Sheila was always on the right track

Sheila Sinclair has died at the age of 79
Sheila Sinclair has died at the age of 79
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TRIBUTES have been paid to a “dedicated” former community council leader who died late last month.

Sheila Sinclair was described as a “clever and witty” during her time at the head of North Berwick Community Council.

Miss Sinclair, a former pupil at Flora Stevenson Primary and Broughton High School in Edinburgh, began taking an active role in local politics after returning to Scotland from more than 20 years of working in London and the South of England with BT.

She moved to North Berwick in 1990 after holidaying there as a child and soon involved herself in both the local community council and managing the town’s entry into the Britain in Bloom competition.

The previous year Miss Sinclair added to her local commitments by volunteering to work with the East Lothian Community Rail Partnership and became the organisation’s Honorary Secretary.

“During that time she proved to be an invaluable asset,” said Harry Barker, chair of the Partnership. “Her dedication to the Partnership extended to having committee meetings in her house where we discussed all manner of things, but in particular her desire to have public toilets reinstated at the station in North Berwick – perhaps one of her most determined crusades, but sadly not realised in her lifetime.”

However, she did reach an agreement with a nearby gallery allowing rail customers into its facility, took a constructive part in an audit of East Lothian stations and often attended Association of Community Rail Partnership conferences, usually held in England or Wales, plus ScotRail events in Glasgow and Stirling, where her networking skills were ably demonstrated.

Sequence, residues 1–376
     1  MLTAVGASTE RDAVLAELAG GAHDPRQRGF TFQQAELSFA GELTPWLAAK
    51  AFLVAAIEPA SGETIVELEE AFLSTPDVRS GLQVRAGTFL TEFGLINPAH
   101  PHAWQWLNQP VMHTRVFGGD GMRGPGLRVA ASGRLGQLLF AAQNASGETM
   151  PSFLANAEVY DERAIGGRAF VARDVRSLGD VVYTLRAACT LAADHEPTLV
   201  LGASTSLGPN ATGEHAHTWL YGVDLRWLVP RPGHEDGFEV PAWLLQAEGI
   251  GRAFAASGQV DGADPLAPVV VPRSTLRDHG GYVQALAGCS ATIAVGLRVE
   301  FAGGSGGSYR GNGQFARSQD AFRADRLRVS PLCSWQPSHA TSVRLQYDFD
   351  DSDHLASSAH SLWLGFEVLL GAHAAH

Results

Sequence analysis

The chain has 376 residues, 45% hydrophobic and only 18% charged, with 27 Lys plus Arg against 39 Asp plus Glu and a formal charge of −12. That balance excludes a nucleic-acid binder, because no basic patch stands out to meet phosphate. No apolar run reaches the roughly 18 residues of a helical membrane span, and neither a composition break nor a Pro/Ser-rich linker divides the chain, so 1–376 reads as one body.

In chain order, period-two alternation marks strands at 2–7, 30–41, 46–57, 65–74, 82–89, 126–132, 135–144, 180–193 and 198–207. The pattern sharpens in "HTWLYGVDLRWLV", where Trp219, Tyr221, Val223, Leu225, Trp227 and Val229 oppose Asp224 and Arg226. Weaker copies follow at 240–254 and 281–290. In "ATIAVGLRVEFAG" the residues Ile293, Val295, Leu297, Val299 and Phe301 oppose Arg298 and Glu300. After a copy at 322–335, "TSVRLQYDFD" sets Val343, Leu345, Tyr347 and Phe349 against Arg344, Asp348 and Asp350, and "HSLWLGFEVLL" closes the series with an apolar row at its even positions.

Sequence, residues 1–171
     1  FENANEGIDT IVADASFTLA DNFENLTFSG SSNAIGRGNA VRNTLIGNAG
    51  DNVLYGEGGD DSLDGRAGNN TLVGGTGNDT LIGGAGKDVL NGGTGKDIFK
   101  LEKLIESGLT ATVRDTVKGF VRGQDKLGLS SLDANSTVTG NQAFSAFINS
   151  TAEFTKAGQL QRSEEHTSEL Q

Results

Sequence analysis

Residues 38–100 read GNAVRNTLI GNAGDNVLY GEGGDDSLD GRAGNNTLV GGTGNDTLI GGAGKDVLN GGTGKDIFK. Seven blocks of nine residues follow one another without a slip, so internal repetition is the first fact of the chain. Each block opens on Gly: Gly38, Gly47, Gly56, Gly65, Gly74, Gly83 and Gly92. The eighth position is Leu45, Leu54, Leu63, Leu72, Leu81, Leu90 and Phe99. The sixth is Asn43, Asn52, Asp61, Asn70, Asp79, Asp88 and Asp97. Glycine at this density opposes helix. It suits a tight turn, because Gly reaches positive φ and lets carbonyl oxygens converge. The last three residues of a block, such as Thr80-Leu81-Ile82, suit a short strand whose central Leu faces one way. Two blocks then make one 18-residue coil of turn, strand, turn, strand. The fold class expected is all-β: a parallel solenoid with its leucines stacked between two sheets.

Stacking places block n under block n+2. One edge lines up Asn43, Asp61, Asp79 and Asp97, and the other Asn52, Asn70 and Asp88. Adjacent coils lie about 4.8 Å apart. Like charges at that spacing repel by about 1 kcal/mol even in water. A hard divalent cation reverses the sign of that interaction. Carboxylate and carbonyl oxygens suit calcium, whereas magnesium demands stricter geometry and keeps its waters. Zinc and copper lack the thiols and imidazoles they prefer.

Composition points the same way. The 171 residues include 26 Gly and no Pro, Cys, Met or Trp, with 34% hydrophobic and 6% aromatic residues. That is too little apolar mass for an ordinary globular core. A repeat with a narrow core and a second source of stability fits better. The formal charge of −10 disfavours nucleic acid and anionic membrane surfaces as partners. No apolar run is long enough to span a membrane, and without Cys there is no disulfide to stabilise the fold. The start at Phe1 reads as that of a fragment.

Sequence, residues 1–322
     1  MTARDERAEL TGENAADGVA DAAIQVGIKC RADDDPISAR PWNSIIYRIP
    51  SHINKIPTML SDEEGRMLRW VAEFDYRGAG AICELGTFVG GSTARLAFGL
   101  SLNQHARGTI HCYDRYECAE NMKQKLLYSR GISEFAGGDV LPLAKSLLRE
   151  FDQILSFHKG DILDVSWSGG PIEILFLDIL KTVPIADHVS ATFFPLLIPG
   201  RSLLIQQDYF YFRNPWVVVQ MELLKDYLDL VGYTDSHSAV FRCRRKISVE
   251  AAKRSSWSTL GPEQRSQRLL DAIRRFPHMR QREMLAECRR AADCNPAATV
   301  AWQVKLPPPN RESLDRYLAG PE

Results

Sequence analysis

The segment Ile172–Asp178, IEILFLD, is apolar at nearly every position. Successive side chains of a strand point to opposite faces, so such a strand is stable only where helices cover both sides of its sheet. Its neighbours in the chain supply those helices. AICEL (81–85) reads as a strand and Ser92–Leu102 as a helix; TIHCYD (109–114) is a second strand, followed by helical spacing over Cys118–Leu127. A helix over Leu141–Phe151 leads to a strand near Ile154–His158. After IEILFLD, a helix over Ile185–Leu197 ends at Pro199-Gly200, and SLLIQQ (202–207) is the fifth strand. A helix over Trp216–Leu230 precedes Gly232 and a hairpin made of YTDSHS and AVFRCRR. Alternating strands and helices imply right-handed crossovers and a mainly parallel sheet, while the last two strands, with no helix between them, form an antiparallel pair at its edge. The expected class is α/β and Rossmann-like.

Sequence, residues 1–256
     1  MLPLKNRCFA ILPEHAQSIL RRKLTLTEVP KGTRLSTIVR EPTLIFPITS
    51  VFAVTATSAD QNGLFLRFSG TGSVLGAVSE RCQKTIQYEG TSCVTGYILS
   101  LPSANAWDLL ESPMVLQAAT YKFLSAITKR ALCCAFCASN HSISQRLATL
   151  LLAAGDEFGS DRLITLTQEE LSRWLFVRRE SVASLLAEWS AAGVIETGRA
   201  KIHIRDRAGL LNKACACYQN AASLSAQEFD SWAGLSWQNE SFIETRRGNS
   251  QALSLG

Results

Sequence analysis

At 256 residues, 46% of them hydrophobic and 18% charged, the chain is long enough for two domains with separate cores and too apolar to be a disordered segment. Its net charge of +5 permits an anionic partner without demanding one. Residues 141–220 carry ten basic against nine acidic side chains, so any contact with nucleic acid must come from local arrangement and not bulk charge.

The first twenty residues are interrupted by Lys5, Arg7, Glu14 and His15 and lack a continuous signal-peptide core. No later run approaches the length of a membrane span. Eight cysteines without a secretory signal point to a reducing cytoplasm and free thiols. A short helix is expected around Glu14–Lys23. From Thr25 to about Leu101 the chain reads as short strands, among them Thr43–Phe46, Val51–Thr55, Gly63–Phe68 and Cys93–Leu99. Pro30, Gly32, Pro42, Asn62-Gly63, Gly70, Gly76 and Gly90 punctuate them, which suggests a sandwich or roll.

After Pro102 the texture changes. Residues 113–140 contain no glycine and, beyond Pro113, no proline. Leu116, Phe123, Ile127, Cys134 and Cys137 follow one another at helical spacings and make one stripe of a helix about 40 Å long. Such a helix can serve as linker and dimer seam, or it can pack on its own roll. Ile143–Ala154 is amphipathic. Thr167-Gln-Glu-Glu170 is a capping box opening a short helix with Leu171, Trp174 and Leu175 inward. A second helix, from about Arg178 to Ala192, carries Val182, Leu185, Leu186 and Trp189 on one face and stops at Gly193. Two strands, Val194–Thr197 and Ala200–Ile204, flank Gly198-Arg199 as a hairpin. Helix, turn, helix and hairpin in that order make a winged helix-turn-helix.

She also arranged for the Robert Louis Stevenson poem From A Railway Carriage, which was written on a train journey to North Berwick, to be put on display at the station.

“Her encyclopaedic knowledge of who did what in East Lothian, coupled with her contacts and personal acquaintances, stood her well in all she did and she will be sorely missed,” added Mr Barker.

A woman who detested politics getting in the way of achieving good things, she had a real can-do attitude, earning a reputation for delivering almost anything to which she set her mind and being honoured earlier this year with a Rotary International award for her special service to the town.

Over the years she raised more than £30,000 for good causes – much of it through quizzes she compiled for charity. She had also been involved with awarding grants for an education trust and enthusiastically dedicated much time to a hospice bookshop in Edinburgh’s Morningside.

Predeceased by her brother Ronnie, a Royal Navy captain, she is survived by her sister Norma, nephews, niece and extended family.